Each month, MMRF’s accounting department sends Financial Accounting Statement (FAS) reports electronically to PIs and anyone else indicated on the MMRF internal Notice of Grant Award. After the account has been established and the internal NOGA has been created, the PI must notify accounting if they want any additional individuals to receive these reports. The FAS emails contain up to four attached reports: overview, summary, detailed report, and payroll. It is vital to know what each one of these tell you and look at them when they are sent.
The Overview report acts as a cover sheet. There are two sections: the first for projects without budgets and the second for projects with budgets. While all projects have a maximum amount of money the sponsor is providing; projects with budgets require additional administrative oversight due to the pre-specified distribution of funds to the expense categories. An example of this would be a federal grant which requires prior approval from the Program Officer to move more than 25% of a line item’s funds to another line.
The Projects without Budgets section will show summary information about the projects including each one’s beginning balance, total revenue, total expenses, and ending balance for the month. The rightmost column is for Action Alerts. If a project is in deficit it will be indicated here.
The Projects with Budgets section is similar but with a few notable differences. These project are generally cost reimbursable and the accounts are invoiced by MMRF accounting. Instead of revenue, expense, etc. it shows total expenses on a project versus what’s been budgeted. Since revenue on these accounts is earned as expenses are incurred, the most accurate way to look at them is by comparing the expenses to the budget, which is done in the first two columns. There are then two columns to show the dollar amount and the percent of the budget remaining. On the far right it has the same Action Alert column as the previous page; but here it will show if the project is over or close to the budget.
Each project with activity during the month gets its own Summary report; again, the page will look different depending on whether there is or is not a budget. The Without Budget projects will display general account information along the top of the report. In the body of the page are three columns: Current Period Actual, Account #, and Calendar Year Actual. The Current Period Actual will show any transactions for the report month (shown on top of the page). The Account # will show the transaction categories with revenue listed first and expense with its various subcategories below that. The Calendar Year Actual is the running total for each category since January first of the current year. At the bottom of the page is a monthly summary for the project. If this is a negative number, the project is in deficit and there should be plans to remedy this.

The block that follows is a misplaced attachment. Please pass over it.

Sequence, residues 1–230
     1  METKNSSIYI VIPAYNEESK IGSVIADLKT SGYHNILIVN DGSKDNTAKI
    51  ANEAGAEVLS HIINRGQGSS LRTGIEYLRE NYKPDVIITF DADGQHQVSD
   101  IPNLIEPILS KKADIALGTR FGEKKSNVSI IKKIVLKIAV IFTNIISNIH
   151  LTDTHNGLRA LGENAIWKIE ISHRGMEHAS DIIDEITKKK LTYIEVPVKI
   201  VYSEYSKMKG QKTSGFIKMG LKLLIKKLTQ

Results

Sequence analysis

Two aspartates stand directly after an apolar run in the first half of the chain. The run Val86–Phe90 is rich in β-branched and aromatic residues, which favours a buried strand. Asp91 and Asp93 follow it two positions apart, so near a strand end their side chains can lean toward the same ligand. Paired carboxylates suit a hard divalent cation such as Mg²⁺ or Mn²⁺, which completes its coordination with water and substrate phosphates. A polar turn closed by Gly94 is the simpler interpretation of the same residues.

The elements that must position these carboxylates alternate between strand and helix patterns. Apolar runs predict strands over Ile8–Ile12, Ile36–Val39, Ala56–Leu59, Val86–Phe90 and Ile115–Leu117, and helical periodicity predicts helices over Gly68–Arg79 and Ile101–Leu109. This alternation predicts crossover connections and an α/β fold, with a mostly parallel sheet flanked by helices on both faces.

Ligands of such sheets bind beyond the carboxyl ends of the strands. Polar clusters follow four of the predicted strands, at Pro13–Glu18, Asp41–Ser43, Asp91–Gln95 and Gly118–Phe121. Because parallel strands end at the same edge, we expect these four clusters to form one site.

The With Budget summary reports are the same except for the Calendar Year Actual column. Instead, the columns listed are the same as on the overview report. In the summary at the bottom of the page, these accounts may frequently be “in deficit”. However, the pertinent thing to watch is whether expenses have exceeded the budget.
Just as the Summary report expands on the Overview, the Detail report will drill down even further to show each specific transaction within each revenue or expense category throughout the month. These reports will look the same whether the project does or does not have a budget. General information will be listed at the top of the page. The account column shows which MMRF expense category is involved in each transaction. Next to the code number is a description of the expense category the transaction falls under, matching the expense categories outlined in the Summary. Then, the source code and reference number. These two columns help accounting identify transactions by listing things such as the invoice or check request number. The period will be the month and year of each transaction (for the monthly reports this will always be the same month of the report). After that is the description column to provide a short description of the transaction. And the last column is for the amount and total for each transaction and category. Make sure to review these expenses every month to ensure they are correct. In some cases, corrections can only be made for 90 days after the transaction.
The final report is Payroll. MMRF employees who reported time and effort on the project will be shown here; HCMC employees reporting time on MMRF projects will not be included on payroll reports. One thing to note: a person is listed each time they submit a time and effort certification form so they may be listed twice (once for the first half and once for the second half of the month). The number of hours they’ve reported on each particular project along with their banked holiday, vacation, and sick hours are shown. On the right is their salary and fringe for that certification period and the total amount the project is paying for their time. At the bottom of the page are totals for all people who reported effort on the project in the month.
Reviewing each month’s financial reports is important to ensure that your project’s spending is on track. If an account does go into deficit, or you notice an error on the monthly report, talk with your grant administrator to learn the best ways to proceed. It could be something as straightforward as having accounting correct an error, sending the next invoice, or reviewing the spending on the project. Whatever it is, they will be able to help.
If you have questions on financial reports or anything else feel free to email us at firstname.lastname@example.org. Thanks for watching and have a nice day.